September 16, 2013 by David K. Sutton
Counterview: End The Fed? The Gold Standard? Paper Money Has No Value?
There are some who call for an end to the Federal Reserve system and a return to the gold standard, where the U.S. dollar is backed by physical gold. But why is the value of gold different than that of paper money? After all, paper money is physical as well. It’s tangible. You can hold it. You can covet it.
Gold’s value is not intrinsic even if people say it is. It is human beings who assign a value to gold, but it is also human beings who assign a value to paper currency. I realize people will likely always place value in things like gold and silver, but the value human beings assign to these natural resources has no real meaning outside our mental construct. Without the human element, gold is no more valuable than anything else in the natural world.
And arguably, if we made any sense of this at all from within our mental construct, things like water and air would have much higher value than something like gold. So that means the value we place on gold is a human invention. And in that sense, gold is no different than paper money for the purpose of currency. That human beings can trade in gold, exchange it for something else, is still a human invention, not all that much different to paper money. When you think of it like that, it seems without purpose to advocate a switch back to the gold standard. And it seems what humans covet, what they desire, is arbitrary.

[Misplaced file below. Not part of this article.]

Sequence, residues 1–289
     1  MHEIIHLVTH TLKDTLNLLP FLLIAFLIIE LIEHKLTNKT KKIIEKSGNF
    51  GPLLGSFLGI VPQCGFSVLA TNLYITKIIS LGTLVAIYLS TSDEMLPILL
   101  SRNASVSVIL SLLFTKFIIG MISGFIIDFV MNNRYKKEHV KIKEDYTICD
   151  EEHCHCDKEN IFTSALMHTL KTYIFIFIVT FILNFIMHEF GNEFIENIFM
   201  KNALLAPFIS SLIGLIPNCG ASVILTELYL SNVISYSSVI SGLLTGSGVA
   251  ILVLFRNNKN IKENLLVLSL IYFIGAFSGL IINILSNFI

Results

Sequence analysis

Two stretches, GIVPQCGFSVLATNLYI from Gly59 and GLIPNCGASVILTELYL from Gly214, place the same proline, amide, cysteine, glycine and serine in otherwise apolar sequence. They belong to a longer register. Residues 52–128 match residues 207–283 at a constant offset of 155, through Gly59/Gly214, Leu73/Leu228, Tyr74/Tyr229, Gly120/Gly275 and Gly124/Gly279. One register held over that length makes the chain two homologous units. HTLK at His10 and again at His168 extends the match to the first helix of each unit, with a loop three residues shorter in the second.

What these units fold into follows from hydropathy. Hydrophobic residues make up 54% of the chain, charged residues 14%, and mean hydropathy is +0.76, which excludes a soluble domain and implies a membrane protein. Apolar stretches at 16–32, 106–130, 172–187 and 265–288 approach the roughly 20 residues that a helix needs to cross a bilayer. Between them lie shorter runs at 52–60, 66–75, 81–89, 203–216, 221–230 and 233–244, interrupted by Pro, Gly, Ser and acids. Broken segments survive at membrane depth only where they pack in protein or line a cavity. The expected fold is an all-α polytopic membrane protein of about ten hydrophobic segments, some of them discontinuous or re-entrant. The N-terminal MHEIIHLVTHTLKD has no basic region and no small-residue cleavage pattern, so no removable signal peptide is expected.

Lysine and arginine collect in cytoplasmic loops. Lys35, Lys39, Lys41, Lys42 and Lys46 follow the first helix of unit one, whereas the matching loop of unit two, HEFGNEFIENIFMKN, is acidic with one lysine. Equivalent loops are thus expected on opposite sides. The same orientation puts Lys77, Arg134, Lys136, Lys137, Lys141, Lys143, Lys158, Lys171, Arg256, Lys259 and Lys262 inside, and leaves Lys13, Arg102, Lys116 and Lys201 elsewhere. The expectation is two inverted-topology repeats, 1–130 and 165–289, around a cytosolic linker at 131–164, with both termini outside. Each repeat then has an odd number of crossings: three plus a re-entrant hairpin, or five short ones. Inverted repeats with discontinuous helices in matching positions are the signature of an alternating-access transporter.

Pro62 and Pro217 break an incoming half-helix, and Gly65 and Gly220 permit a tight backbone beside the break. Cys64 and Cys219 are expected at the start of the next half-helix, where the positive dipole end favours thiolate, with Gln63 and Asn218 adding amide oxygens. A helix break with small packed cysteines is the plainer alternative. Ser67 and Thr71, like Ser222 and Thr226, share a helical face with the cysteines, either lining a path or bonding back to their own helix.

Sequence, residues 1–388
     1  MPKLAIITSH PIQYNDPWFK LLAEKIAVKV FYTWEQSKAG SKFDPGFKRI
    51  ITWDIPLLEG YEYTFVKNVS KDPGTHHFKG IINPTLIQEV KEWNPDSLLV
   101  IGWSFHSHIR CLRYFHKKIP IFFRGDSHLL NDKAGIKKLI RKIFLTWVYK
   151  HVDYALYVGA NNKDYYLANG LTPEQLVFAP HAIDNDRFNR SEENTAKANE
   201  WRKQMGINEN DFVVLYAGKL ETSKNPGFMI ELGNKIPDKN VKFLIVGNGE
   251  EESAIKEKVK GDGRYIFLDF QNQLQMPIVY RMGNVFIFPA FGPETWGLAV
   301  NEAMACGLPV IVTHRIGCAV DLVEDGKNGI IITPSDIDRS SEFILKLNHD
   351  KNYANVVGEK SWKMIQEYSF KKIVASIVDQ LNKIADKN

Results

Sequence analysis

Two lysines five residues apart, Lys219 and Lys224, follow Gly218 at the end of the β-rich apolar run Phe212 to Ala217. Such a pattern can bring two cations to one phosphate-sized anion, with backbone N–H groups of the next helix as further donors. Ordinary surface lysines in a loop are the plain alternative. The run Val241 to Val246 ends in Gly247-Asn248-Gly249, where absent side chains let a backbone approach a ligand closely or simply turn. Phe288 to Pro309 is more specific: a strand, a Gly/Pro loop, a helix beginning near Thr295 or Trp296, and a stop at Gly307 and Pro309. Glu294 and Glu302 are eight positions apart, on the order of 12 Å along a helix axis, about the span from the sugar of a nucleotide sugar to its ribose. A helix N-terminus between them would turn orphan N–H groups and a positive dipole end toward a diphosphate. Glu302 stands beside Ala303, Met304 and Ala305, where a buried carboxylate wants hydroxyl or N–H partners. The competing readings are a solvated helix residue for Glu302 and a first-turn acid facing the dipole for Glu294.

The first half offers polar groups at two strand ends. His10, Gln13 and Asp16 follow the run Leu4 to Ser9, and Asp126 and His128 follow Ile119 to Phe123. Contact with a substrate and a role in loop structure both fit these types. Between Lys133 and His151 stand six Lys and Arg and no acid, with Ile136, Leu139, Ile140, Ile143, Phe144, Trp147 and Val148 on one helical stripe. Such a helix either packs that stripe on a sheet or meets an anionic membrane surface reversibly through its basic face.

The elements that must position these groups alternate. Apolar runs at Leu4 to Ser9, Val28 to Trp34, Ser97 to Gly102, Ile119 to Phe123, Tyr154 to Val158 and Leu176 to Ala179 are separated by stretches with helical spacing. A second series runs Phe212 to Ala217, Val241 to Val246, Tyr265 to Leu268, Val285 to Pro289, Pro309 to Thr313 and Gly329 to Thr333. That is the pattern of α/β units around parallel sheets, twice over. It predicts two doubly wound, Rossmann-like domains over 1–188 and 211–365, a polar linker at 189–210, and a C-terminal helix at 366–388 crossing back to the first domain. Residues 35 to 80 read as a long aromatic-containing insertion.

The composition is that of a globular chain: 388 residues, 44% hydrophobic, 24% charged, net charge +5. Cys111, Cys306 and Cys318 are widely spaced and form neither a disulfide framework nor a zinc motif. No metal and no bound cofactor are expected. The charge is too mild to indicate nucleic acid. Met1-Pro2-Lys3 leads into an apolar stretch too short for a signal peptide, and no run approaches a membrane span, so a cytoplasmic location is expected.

But as I said, people will likely always covet gold, and that means gold will always have a value. So I think the biggest argument in favor of the gold standard, which I’m not saying I support, is that it exists outside another human invention — borders. Since gold is not the currency of any one country, it’s value is not tied to the success or failure of any one country. Viewed from that perspective, there is a case to be made for the gold standard. But on the other hand, if we tie the currency of a nation to a natural resource, it means some nations benefit if they have a larger supply of that natural resource.
I realize I’m engaging in a philosopical musing here. While I’m not taking a position in this piece, I do think it’s good to ask these questions about why things are the way they are, and why people do the things they do, or in this case, value the things they do. I’m simply offering a counterview to the normal discourse when we talk about natural resources human beings desire.